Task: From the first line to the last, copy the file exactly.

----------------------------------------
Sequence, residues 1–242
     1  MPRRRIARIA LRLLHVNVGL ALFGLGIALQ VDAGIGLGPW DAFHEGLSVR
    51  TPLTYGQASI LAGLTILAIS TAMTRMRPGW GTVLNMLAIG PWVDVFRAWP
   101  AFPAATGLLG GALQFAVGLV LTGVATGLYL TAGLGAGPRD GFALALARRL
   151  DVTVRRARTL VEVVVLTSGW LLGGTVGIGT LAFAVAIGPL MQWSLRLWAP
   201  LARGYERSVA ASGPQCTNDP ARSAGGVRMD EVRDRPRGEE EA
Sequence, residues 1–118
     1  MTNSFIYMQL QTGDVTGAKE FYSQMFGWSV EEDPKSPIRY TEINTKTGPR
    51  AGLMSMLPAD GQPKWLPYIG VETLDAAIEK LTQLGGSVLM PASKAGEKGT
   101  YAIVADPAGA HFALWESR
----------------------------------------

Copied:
Sequence, residues 1–242
     1  MPRRRIARIA LRLLHVNVGL ALFGLGIALQ VDAGIGLGPW DAFHEGLSVR
    51  TPLTYGQASI LAGLTILAIS TAMTRMRPGW GTVLNMLAIG PWVDVFRAWP
   101  AFPAATGLLG GALQFAVGLV LTGVATGLYL TAGLGAGPRD GFALALARRL
   151  DVTVRRARTL VEVVVLTSGW LLGGTVGIGT LAFAVAIGPL MQWSLRLWAP
   201  LARGYERSVA ASGPQCTNDP ARSAGGVRMD EVRDRPRGEE EA
Sequence, residues 1–118
     1  MTNSFIYMQL QTGDVTGAKE FYSQMFGWSV EEDPKSPIRY TEINTKTGPR
    51  AGLMSMLPAD GQPKWLPYIG VETLDAAIEK LTQLGGSVLM PASKAGEKGT
   101  YAIVADPAGA HFALWESR